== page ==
Spoiling Children in Dubai
Spoiling Children in Dubai
Spoiling Children in Dubai
By Carmen Benton MA (Ed), Dip Tch
LifeWorks Parenting Educator
How prevalent are spoiled kids in the UAE?
By spoiling we mean giving children too many of the 'things' they think they want.
This falls under the parenting style of permissive parenting where children become overindulged and adults around them follow their wishes rather than saying No! In the UAE permissive parenting is very common, as we see many children spending large numbers of hours either in nurseries or with nannies and commonly these people are 'working' with our children and their use of limits and boundaries can be lower than children need.
Working parents often talk also of feeling guilt because they don't spend enough time with their children, especially if they work long hours or travel for work. We commonly see this a lot in the UAE. Therefore out of guilt it becomes harder for parents to say NO to their child's wishes and they can tend to overcompensate and this can lead to buying them what they want.
What are the dangers of spoiling your kids?
Spoiled children can come to expect they can have whatever they want whenever they want it. This, however, is not how life is as an adult so therefore children raised this way can be poorly prepared for adult hood.
Spoiled children can also be used to being given more than they need and often what they want and they can miss the understanding that we have to work hard for something or earn it. They also come to expect things NOW and can struggle with the concept of delayed gratification. Therefore if they have to wait for something they want they can become very angry at not having something instantly.
Celebrations such as birthdays and special holidays can also lose their meaning when children are given too much year round.
Children can stop attaching value and meaning to things if they have too many, for example, the Barbie doll can get lost amongst the 10 other Barbie dolls.
Children also get used to following fads like: Trashies, Baber blades etc and fall victim to being the ultimate consumers rather than learning how to make their own fun. They can become used to having toys that have one function and this can hamper their own creativity and problem solving. They don't need to make their own hut if they have a perfect Little Tykes play house in the garden.
Children with too many toys tend to not play with them as much and need a lot more entertaining. They don't know how to make their own fun.
How can we rectify it?
Encourage your children to earn things they really want.
Teach your children the value of money by giving them an allowance and teaching them about saving up for something they'd like.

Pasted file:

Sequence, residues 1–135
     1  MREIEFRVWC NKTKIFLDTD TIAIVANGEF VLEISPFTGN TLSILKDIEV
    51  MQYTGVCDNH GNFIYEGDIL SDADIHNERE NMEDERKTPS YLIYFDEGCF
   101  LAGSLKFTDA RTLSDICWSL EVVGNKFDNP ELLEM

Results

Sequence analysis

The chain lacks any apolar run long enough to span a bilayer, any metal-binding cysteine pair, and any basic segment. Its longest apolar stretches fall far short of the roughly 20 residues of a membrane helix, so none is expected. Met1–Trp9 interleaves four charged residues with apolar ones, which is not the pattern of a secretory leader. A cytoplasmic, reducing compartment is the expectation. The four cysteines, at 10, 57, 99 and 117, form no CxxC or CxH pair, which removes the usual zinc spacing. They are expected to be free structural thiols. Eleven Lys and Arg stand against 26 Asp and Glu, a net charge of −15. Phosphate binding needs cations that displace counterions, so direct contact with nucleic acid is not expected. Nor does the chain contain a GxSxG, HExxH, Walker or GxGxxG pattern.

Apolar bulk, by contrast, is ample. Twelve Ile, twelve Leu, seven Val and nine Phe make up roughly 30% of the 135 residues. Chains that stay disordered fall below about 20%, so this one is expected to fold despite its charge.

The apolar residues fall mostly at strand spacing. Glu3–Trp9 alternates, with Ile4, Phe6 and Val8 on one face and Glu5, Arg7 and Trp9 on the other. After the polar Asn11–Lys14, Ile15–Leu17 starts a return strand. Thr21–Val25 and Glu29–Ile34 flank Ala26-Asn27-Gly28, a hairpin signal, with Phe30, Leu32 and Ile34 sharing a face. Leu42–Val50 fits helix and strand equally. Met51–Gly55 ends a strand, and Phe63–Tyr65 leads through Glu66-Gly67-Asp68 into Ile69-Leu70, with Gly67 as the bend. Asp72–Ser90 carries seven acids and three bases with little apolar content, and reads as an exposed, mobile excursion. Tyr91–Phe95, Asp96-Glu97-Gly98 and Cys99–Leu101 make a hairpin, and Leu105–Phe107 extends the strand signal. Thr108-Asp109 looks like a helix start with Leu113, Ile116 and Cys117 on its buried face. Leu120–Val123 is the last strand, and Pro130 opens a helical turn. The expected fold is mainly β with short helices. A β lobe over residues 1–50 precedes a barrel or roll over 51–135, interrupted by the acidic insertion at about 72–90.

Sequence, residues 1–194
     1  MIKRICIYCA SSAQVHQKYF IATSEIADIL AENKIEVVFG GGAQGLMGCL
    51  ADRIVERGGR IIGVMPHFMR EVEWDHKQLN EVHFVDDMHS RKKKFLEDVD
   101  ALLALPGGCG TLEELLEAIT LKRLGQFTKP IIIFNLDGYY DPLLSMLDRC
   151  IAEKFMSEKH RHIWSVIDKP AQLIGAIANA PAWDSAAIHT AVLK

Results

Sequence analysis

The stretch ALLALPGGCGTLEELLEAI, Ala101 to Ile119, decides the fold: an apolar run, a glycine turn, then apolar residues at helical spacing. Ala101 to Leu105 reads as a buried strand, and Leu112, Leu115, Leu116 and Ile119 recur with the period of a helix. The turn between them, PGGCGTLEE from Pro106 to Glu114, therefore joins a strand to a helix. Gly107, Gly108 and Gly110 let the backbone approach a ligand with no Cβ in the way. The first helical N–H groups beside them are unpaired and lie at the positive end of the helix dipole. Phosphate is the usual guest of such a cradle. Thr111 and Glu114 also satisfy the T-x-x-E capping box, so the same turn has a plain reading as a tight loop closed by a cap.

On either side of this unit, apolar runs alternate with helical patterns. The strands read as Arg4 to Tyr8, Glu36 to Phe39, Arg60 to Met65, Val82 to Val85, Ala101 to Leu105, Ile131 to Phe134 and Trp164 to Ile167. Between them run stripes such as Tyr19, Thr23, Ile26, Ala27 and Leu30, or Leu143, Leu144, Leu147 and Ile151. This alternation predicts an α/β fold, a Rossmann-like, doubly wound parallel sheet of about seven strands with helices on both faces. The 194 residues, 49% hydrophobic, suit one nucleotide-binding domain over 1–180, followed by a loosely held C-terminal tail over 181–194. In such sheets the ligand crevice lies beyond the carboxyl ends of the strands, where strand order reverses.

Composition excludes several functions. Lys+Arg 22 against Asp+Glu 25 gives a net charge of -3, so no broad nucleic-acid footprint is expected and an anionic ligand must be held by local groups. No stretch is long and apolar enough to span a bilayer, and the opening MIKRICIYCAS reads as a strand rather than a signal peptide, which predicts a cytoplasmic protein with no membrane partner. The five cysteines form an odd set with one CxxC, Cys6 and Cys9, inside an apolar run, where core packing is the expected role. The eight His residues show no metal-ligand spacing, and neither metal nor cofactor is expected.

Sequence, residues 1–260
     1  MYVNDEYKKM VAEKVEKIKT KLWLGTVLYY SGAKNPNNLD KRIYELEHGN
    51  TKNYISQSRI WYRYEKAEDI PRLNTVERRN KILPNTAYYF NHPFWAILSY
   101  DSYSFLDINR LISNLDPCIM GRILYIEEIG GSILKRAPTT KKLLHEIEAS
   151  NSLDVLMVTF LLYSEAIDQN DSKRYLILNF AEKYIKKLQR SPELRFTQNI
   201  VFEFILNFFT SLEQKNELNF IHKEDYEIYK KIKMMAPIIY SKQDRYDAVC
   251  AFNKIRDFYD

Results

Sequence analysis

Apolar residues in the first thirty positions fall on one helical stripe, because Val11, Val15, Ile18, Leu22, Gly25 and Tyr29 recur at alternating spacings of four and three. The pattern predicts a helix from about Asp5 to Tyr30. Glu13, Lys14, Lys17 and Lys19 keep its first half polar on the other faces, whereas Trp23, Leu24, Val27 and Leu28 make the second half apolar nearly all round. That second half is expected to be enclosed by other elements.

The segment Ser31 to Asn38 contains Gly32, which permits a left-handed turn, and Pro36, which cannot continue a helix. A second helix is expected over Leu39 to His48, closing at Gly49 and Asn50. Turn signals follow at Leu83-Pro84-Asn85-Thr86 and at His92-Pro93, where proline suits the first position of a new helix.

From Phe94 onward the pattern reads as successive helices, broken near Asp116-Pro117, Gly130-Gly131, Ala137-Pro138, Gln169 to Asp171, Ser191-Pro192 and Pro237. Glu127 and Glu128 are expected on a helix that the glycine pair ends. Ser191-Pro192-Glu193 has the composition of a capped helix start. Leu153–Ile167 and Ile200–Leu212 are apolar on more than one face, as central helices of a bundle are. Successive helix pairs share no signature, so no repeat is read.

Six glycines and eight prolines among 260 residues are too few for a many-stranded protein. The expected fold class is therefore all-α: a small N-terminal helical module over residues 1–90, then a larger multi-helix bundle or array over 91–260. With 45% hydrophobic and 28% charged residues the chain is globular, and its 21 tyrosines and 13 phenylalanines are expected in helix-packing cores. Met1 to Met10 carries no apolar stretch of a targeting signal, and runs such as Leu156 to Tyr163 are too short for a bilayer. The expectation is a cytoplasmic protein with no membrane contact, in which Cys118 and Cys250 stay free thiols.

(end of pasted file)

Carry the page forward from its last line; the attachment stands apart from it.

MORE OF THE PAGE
Ensure you only buy things for your children during special events and holidays such as birthdays and keep gifts outside of these times as necessary items only. Buy your children consumable items for gifts during the year that encourage creativity and problem solving, such as craft items and items they can make a project out of.
Rotate the toys they have and don't have them all out and accessible at once. Hide many of their toys and only have a few on display. If a child hasn't seen a toy for a while it will become fun again, almost like a new toy. When you buy gifts think about what purpose it will serve: fine motor skills, such as lego and beads for threading, or gross motor skills such as bikes, scooters and trampolines.
Start to teach your children about giving and not just receiving. Encourage them to make gifts, cards, cookies etc for others.
What would be your advice for parents who have a tendency to overindulge?
Consider why you are overindulging your children. It is often about you serving a need within yourself rather than doing something of benefit for your child.
It can come from your own sense of guilt for being too busy to spend time with you children, your inability to say NO to them and desire to indulge their every need, or your belief that they must have things you did not get to have as a child.
If you believe these are the reasons you are overindulging your child you could consider seeking support for yourself to focus on these underlying issues or attend a parenting education session to gain skills into new ways of being with your child.
What your child needs and want is time with you. They want a time each day of your undivided attention where you are following their lead and enjoying them and laughing and being loving together. They want this more than any toys you could shower them with. You can of course overindulge children by giving them too much of your time as well, so the focus here is on balance. Focus on connection.
Carmen Benton - LifeWorks Parenting Educator
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